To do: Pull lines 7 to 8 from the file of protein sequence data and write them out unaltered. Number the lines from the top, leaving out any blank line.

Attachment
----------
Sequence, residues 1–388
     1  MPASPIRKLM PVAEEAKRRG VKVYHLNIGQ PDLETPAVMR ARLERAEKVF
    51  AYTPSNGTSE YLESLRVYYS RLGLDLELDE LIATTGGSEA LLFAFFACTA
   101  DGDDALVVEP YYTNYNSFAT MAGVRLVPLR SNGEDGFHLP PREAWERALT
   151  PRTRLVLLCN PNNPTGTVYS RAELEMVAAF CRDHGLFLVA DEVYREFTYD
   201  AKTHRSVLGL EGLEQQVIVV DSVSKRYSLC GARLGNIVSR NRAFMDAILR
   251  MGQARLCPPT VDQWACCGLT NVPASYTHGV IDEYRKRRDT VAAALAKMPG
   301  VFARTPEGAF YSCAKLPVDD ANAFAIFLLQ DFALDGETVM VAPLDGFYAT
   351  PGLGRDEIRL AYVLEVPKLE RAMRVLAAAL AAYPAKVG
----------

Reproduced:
   251  MGQARLCPPT VDQWACCGLT NVPASYTHGV IDEYRKRRDT VAAALAKMPG
   301  VFARTPEGAF YSCAKLPVDD ANAFAIFLLQ DFALDGETVM VAPLDGFYAT